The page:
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Nashua Telegraph Newspaper Archive: December 27, 1969 - Page 1

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Publication: Nashua Telegraph

Location: Nashua, New Hampshire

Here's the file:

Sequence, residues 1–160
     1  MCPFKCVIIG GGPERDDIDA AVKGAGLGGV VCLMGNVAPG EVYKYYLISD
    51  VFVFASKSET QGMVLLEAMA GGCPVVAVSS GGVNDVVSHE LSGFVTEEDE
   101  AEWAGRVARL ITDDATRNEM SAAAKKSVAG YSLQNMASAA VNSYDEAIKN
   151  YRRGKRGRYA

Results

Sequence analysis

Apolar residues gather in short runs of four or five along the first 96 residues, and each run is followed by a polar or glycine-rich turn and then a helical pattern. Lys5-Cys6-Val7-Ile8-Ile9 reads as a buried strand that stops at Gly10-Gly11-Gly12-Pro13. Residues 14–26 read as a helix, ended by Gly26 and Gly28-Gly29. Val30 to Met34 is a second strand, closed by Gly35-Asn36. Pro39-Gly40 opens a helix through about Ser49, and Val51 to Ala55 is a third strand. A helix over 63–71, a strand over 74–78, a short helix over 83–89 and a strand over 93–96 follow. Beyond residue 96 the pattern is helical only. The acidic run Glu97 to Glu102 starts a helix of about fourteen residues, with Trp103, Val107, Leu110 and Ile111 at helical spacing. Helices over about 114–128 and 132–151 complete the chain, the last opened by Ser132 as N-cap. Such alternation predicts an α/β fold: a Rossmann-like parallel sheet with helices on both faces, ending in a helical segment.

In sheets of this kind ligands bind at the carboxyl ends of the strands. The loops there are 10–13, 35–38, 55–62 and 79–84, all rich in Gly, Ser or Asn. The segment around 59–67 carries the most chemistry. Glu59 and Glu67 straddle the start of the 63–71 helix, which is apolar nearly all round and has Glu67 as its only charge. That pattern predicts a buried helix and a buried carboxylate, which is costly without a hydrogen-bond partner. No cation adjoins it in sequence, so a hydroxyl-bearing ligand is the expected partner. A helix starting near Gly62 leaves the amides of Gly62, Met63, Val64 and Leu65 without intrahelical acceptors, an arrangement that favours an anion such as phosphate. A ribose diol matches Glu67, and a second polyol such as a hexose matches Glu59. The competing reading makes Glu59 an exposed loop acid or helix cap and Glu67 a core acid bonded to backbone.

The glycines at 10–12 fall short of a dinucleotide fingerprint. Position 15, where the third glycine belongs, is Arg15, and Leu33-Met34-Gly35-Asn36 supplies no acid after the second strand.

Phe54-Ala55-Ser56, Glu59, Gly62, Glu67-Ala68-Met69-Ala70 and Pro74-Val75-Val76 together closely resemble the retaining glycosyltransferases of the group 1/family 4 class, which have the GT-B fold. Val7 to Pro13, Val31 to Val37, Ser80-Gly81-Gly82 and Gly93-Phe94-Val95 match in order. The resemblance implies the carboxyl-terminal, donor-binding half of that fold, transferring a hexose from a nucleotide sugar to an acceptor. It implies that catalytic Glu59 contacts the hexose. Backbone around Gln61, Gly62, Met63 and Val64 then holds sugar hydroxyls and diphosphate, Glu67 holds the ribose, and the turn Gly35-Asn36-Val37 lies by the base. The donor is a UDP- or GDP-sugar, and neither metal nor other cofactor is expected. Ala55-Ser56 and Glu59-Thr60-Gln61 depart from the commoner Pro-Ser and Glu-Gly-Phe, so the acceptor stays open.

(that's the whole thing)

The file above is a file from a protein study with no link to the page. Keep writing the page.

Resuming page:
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   Nashua Telegraph (Newspaper) - December 27, 1969, Nashua, New Hampshire                                Chuckle A gourmet is a man who a invited for an evening of wine, women and song and asks what kind of wine. Nashua Celeqraph Ntw HompsUrt's Lorgtst Evtnlng Newspaptr... C M Weather Colder Tonight Foir Sunday VOL. 101 NO. 253 Continuing the New Hampshire Telegraph Established October NASHUA, NEW HAMPSHIRE, SATURDAY, DECEMBER 27, 1969 Piid 20 PAGES Pric. TEN CENTS Soggy Nashua Digs Out, Bails Out By MAXWELL COOK Nashua area residents today were cleaning up and bailing out in the wake of a 36-hour long massive storm that dumped up to 4H inches of all kinds of precipitation on New England. The rain was still coming down this morning, and it was a case of water, water everywhere and a sheet of ice beneath. Motorists found themselves driving through hub-cap deep puddles down snow rutted streets. At 8 a.m. the weather station the Pennichuck Water Works reported the grab-bag of precipi- tation measured 4.09 inches. This includes inches of snow which fell from early Friday morning until late Friday after- noon, a few hours of sleet and freezing rain and a night-long steady downpour of rain. Storms Predicted And a wet December 8.67 inches of precipitation so far- seemed destined to grow even soggier with the prediction of additional storms next week. Nashua's Public Works Depart- ment plowing crews worked all night, and by dawn had traversed every city street at least once. However, many streets were still deep in slush and water. The workmen were engaged from dawn on by shoveling ice, snow and accumulated blockage from the catch basins to drain water covering the lower-lying areas. Police reported only one traffic accident attributable to the ad- verse driving conditions. At p.m. yesterday, they said, a car being driven by Christine Lang- lots, 26, of Grafton, overturned on Everett Turnpike just north of Route 101A. She was not in- jured. Nashua firemen had a busy night, with calls coming in almost continuously. Most of them in- volved flooded buildings and base- ments. A roof sprung a leak on the Priscilla Tea Room at 153 Main Street, resulting in considerable flooding in the rear of the store. Gregory Papagiotas, president of the establishment, said at 9 a.m. today the damage was being re- paired and he expected to be open Bomb- for business as usual. There was no immediate estimate of dam- age. Firemen Called Nearly all the Fire Depart- ment's calls during the past 24 hours were storm-related. Water problems were common, includ- ing the pumping out of flooded cellars. .A call at 168 West Pearl St., at a.m. involved a sky- light through which water was described as coming through like a waterfall. Other water calls were as fol- lows: Friday at a.m., Mil- ler's Store on Main Street, Cen- tral station; at a.m., Acton St., Lake Street Station; to- day, at a.m., 15B Gilman St., Lake Street Station; at a.m., 623 South Main St., Lake Street Station; at a.m., 153 Main St. (Priscilla Tea Central and Amherst Street Stations; and at a.m., on Coburn Avenue, Airport and Amherst Street Sta- tions. Friday at a.m., a tele- phone pole was snapped off at NASHUA DIGS OUT Page 2 Weekend Edition Stock Lists Teen-Age Page E xtra Comics Laden Ship Explodes, Burns At Sea; Crew Hunted This old plane, apparently headed for a crash, is in reality the replica of a World War I fighter plane being hoisted to a resting place on top of building at Plane from Yesteryear Water Street, New York City. Construc- tion workers wateh the model, weighing three tons and built from scrap metal, as it passes the 25th floor of the building. U.S. Backs Treaties In Asia, Agnew Says By CARL P. LEUBSDORF HONOLULU (AP) Vice President Spiro T. Agnew says the Nixon administration wants Asian nations to "develop an economic balance and self-suffi- ciency so that it will be unneces- sary for the United States to in if things go wrong." But Agnew told reporters as he launched his 10 nation, trip Friday that he plans to emphasize, in bilateral talks with Asian leaders, the in- tention of the United States to stand by its treaty obligations. Agnew spent the night here on the first leg of a transpacific hop that takes him today to Guam and then on to the Philip- pines for Tuesday's inaugura- Flu Cases Produce Emergency LONDON, (AP) London hospitals, jammed by a wave of influenza cases, went on emer- gency status today. Only the most urgent non-flu cases will be given beds in the 200 hospitals in the London area. The hospitals dealt with 186 emergency flu and bronchitis admissions on Christmas Eve and 107 on Christmas Day. Since Dee. 16 hospitals had been on a yellow alert which stopped all tut urgent admis- sions. Today's red warning puts the hospitals-on full emergency basis. The government said 294 per- cons died of the disease in Brit- Bin in the week before Christ- mas and 52 the week before that. Statistics for this week have not been announced. tion of President Ferdinand E. Marcos. Brief Agnew Adm. John S. McCain Jr., commander of U.S. forces in the Pacific, and his chief of staff, Lt. Gen. Michael Davidson, planned to brief the vice presi- dent at a breakfast session, the only scheduled event of his 19- hour stay here. Details weren't disclosed. About 20 minutes after the vice president's plane, Air Force Two, took off from Wash- ington on its flight to Hawaii, Agnew visited the rear cabin to chat with newsmen on the politi- cal and diplomatic aspects of his trip. Asked about the Senate's re- jection of the foreign aid bill be- cause it included (54.5 million in unbudgeted and unauthorized funds to buy military jets for Formosa, Agnew said: "It will be my purpose to reassure (Na- tionalist China's President) Chiang Kai-shek that this does not represent any weakening of our treaty commitment." Agnew said the Nixon doc- trine, outlined by the President at Guam on his Asian trip last July, includes a pledge to stand by U.S. commitments, a nuclear shield against threats to Asian nations and the stimulation of economic growth and regional- ism. "We expect them to handle in- surgency within their own bor- ders with their own he said, adding that "in the event we determine that any action against them threatens the gen- eral economy of the Asian hemi- TONIGHT IN THE TELEGRAPH sphere, we will support them with material and other forms of assistance." But he said any decision on whether such aid would include U.S. troops would have to be AGNEW Page i By GEORGE ZTJCKER HONOLULU (AP) A Vietnam-bound cargo ship loaded with bombs and rockets equal to tons of TNT burned in the mid- Pacific Ocean today while a Greek freighter hunted missing crewmen. 14 Picked Up Fourteen of the 39 crewmen aboard the SS Badger State, in- cluding its skipper, Capt. Charles Wilson, were reported picked up within hours by the Greek Freighter Khian Star, the only vessel within range of the stricken ship. "We have nd report of casual- the Navy said, "but we can't say for sure if all the men are accounted for." Capt. Wilson radioed the car- go had broken loose and the mu- nitions ship was Breaking up in 25-foot swells 580 miles north- east of Midway Island Friday morning, and he gave the order to abandon ship. Seventy minutes later an ex- plosion tore a huge hole in the hull of the Badger State. "We don't know what went a Navy spokesman said here. "There was nobody on the ship when she blew." A spokes- man said it was not known if any of the munitions were in- volved. A rescue plane from Hickam Air Force Base remained in the area to drop flares after another U.S. Forces Wage Air, Ground Raids For expert Prescription Service Call 882-3431 LIGGETT REXALL Drug Store Simoneau Plaza, Nashua Abby Anderson Church Classifieds Obituaries Social 5 Sports Comics Crossword Durocher Editorial Financial Horoscope Lawrence 15 2 11 14 7 9 15 Teen Television Theaters Dr. Thosteson 15 Weather Women's Pace By GEORGE ESPER SAIGON (AP) U.S. forces fought their biggest single battle in a month and a half today. The American forces spotted as many as 200 North Viet- namese troops within, two miles of the Cambodian border and 83 miles north of Saigon and at- tacked them with jet bombers, armed helicopters, tanks and armored personnel carriers. The U.S. Command said aeri- al observers counted at least 72 North Vietnamese dead and 40 bunkers smashed. A spokesman said that at last report fighting was still continuing. The spokesman said there were some U.S. casualties but he described them as light. He said it was the biggest bat- tle involving American troops since last Nov. 12 and 13 when U.S. forces reported killing 178 North Vietnamese soldiers in heavy fighting just below the demilitarized zone. Fifteen Americans were killed and 62 wounded then. The spokesman said helicop- ter crewmen of the llth Ar- mored Cavalry regiment spot- ted two companies of North Vietnamese troops nine miles northwest of the district capital of Loc Ninh, near highway 13 leads from Cambodia into South Vietnam. Cease-FIre Ends Elsewhere, battlefield com- muniques indicated only light activity across South Vietnam following the end of the 72-hour Viet Cong cease-fire. 'Enemy troops shelled a town in the Mekong Delta and a South Vietnamese base near the demilitarized zone, communi- ques said. In one attack, two govern- ment soldiers were killed and four were wounded when enemy gunners fired four rockets into their camp at Dong Ha, 11 miles below the demilitarized zone. The other attack took place near My Tho, the principal city in the Mekong Delta. Viet Cong troops fired rocket-propelled grenades at government militia- men and pacification workers and wounded some of them, re- ports said. What little fighting there was Friday took place near Da A JOYOUS "HOLIDAY SHOW" Featuring ACTORSINGERS CHORALIERS GRANITE STATESMEN CHORUS NASHUA CHORAL SOCIETY NASHUA SYMPHONY ORCHESTRA NASHUA THEATRE GUILD SUNDAY DEC. 28th 1969 P.M. NASHUA SENIOR HIGH AUDITORIUM Gen. Adm. Ret. Section Call Art A Science Center 883-1506 Tickets will be mailed to you, If you Irish. ICourt.ty NASHUA TRUST COMPANY) ARTISTS GIFT SETS SUPPLIES Christmas Special to 20% off Nashua Wallpaper Co. W. Peart St. 88J-MJ1 Mon. thru Sat, U.S. troops from the 196th Bri- gade lost two men killed and 11 wounded in a four-hour fight 23 miles south of the city. Two ene- my were known dead. In two other fights Friday ranging from 20 to 90 miles south of Da Nang, eight enemy soldiers were reported killed. There were no American cas- ualties. B52 bombers kept up their raids against North Vietnamese base camps and staging areas near the Laotian and Cambo- dian borders in efforts to fore- stall a buildup for a possible en- emy 'offensive next month. An unofficial count today showed that at least 12 Ameri- cans and more than 200 enemy were killed during the Viet Cong's three-day Christmas cease-fire. No official count was kept be- cause the allied commands did not observe the enemy stand- down. Instead they stopped op- erations for 24 hours on Christ- mas. NASHUA MALL IS OPEN EVERY NIGHT MONDAY THRU SATURDAY TIL plane had spotted all the life- rafts with dye and smoke mark- ers, the Navy said. The nightlong search was hindered by fears the smoking Badger State might blow up at any moment. The Greek freigh- ter was forced to stay three' miles from it. The Badger State, a Military Sea Transport Service ship, was loaded with rockets and tons of bombs ranging to the 000-pound size. Its combined cargo had an explosive equiva- lent of tons of TNT, the Navy said. Late Friday night, the Navy said winds buffeting the strick- en vessel had increased to 40 knots and the seas were running to 20 feet. The Navy said the big hole in the starboard side of the aft sec- tion was above the water line, "but with the fire and big waves we don't know how long she can stay afloat." The SS Badger picked up its 'cargo at the Bangor ammuni- tion depot near Seattle, Wash., and was bound for Da South Vietnam. Elderly To Pay More In Medicare Coverage WASHINGTON (AP) Pre- miums paid by elderly Ameri- cans for supplementary medi- care coverage will go up to J5.30 per month next July 1, 32.5 per cent-increase- over ilie cms- Robert if. Finch, secretary of health, education and welfare, announced the increase Friday shortly after President Nixon hinted to newsmen that he would sign the tax reform bill which includes a 15 per cent in- crease in Social Security pay- ments effective Jan. 1. Nixon last September recom- mended a 10. per cent Social Se- curity increase, and at that time the President disclosed there would be a substantial jump in the supplementary medicare premiums in 1970....... insurance cost the elderly :only {3 per month when the program was launched in 1965. 19 Million Enrolled More than 19 million Ameri- cans are now covered by medi- care, which 'consists of two voluntary medical in- surance program and the gov- ernment-financed basic hospital insurance. The voluntary pro- gram supplements the basic A Rewarding Day Preston Tingle, 50, a hobo, comes down rope lad- .der at his winter home under the Seventh Street bridge in Los Angeles to accept a reward from Jim Hammett, a freight terminal manager. Earlier this year Tingle watched thieves steal in women's lingerie from a shipment being loaded by Hammett's firm, then told police where the thieves hid the boxes. Detectives also invited Tingle to a Christmas Eve dinner. 70 Chevrolets CARS TRUCKS Daily Rentals as low as per day Gall Dick 888-1121 MacMulldn Chevrolet OM.T FAOTOfiT AUTHORIZED DEALER SKI-DOO Skl-Doo Suits ft Boon Trailers It Stab Accenoriei Putt Nashua Auto Co. Outdoor Recreation to Kiln Street, Nubia, N. H. program by helping pay doctor bills and a variety of other med- ical expenses in and out of the hospital. Those enrolled in the supple- mentary program pay -for half of the cost of their protection, and the government pays the rest. The premium Increase isn't the only added expense awaiting medicare patients in the new year. It was announced pre- viously that as.of Jan. i medi- care beneficiaries will have to pay the first of their own bill for an ordinary hospital stay of up to 60 increase of from the current deductible. The government has blamed escalating medical costs for the increases in costs to medicare patients, and the Nixon adminis- tration has contended the pre- mium boosts should have been made before it took office. But a consumer health organi- zation, the American Patients Association, said Friday that the premium boost itself is in- flationary and contradicts the administration's efforts to hold down price increases. Association president Theo- dore 0. Cron said the Increased premium rate demonstrates that the program is "to be ad- ministered as a benefit primarl- MEDICARE Page I Blaze Kills Mother, 32, 5 Children BERKELEY TOWNSHIP, N.J. (AP) A mother and five of her nine children died early today when fire swept their apartment in a one-story worn! frame house. Local authorities were in the process of condemn- ing the structure. Mrs. Alfreda Small, 32, and the five children were dead on arrival at Community Memorial Hospital, Toms River. Two other boys were reported living here with relatives, a daughter spent the night at a friend's home and another son was away, visiting relatives in North Carolina. Fire Chief Charles Griffin of the Manitou Park Fire Compa- ny said the fire appeared to have followed the explosion of a kerosene space heater in tin kitchen. All six victims were found jammed against .the front door of their apartment, one of three in the building, police said. The other two apartments were va- cant. Police said the four room apartment wtt being con- demned because of inadequate sanitary facilities. FUEL OIL SAVE MORE With LORDEN OIL CO, INC.